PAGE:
Klin Padiatr 2010; 222 - GNPI_FV_4
DOI: 10.1055/s-0030-1261288

Adaption of the Roche Septifast system for the early detection of neonatal sepsis in very low birthweight infants

A Berger 1, I Altiok 1, T Mechtler 1, M Langgartner 1, J Böhm 1, K Herkner 1, A Pollak 1, D Kasper 1
  • 1Univ. Klinik f. Kinder- und Jugendheilkunde, Wien, Österreich

Introduction: The gold standard for diagnosis of bacterial sepsis is a positive blood culture. However, results are usually not available before to 48 to 72h and pathogens are detected in only 25% of patients. Molecular assays for the detection of DNA in the blood have been tested as new diagnostic tools for early identification of bacterial sepsis in adults. Objective: To adapt and evaluate a commercially available PCR system for use in neonatology by using small blood volumes.

Materials and Methods: Blood specimens of 38 VLBW infants (mean±SD, range: 829g±242, 350–1150g) with clinical sepsis suspicion were analyzed using the Roche Septifast PCR system and a modified DNA extraction protocol to decrease blood volume requirements to 0,1ml. Results: Patients were divided in 3 groups: Group 1 (negative group, n=21) represents patients with a negative blood culture and no further clinical or laboratory signs of infection. In Group 2, blood culture was positive and patients had signs of sepsis and were treated with antimicrobial agents (blood culture positive sepsis group; n=11). Group 3 represents patients with clinical and laboratory signs of sepsis but with negative blood culture results (clinical sepsis group; n=6). In the negative group, 5 of 21 infants had a positive PCR result (potential contamination). All pathogens detected in the blood culture in Group 2 were equally detected by means of PCR. Four of six patients had a positive PCR results in Group 3.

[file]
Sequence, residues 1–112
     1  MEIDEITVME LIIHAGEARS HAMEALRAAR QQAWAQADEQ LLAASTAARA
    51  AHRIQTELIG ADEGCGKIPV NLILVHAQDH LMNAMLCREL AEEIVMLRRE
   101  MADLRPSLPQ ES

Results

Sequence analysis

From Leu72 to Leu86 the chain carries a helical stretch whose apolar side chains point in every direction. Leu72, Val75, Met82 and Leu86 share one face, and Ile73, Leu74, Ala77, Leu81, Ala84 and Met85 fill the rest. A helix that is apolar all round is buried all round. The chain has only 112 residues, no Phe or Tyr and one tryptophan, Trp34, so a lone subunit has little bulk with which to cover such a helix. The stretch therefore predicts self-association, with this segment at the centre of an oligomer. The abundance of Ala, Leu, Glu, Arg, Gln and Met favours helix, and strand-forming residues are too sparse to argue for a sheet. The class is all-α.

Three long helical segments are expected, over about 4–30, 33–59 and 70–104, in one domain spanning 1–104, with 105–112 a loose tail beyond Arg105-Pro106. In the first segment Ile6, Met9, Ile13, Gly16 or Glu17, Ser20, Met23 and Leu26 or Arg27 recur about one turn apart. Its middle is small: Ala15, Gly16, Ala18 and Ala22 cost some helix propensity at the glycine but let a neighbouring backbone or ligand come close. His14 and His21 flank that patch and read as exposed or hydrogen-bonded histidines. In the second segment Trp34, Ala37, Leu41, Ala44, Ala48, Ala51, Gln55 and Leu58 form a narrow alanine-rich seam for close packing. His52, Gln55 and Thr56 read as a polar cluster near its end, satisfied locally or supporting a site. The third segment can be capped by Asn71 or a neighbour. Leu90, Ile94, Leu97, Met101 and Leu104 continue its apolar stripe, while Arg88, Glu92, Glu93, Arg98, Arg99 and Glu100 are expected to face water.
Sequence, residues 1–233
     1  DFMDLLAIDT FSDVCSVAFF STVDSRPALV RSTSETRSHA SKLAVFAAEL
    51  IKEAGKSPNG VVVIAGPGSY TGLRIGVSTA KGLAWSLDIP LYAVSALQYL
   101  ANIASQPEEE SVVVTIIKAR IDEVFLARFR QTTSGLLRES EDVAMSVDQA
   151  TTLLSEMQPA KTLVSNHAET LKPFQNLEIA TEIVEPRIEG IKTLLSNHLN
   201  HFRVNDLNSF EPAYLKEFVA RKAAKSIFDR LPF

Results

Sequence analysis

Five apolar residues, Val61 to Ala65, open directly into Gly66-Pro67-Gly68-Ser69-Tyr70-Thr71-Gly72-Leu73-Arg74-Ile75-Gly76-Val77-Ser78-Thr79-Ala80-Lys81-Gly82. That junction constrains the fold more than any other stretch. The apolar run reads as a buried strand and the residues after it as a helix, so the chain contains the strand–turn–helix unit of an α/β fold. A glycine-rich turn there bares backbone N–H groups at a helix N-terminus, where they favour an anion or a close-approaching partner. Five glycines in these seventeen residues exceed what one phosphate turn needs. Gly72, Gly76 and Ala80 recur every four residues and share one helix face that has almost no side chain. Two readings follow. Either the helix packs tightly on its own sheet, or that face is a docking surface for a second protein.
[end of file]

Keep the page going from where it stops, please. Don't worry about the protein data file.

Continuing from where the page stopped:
Disscussion and Conclusion: The results indicate a 100% sensitivity and 76% specificity of the PCR system for detection of blood culture positive sepsis episodes in our study patients. The detection of bacteria improved in the group with culture negative clinical sepsis by use of PCR. These are the first data on the clinical utility of the commercially available multiplex real-time Septifast PCR test for the detection of blood stream pathogens in VLBW infants using a modified sample handling and DNA extraction protocol.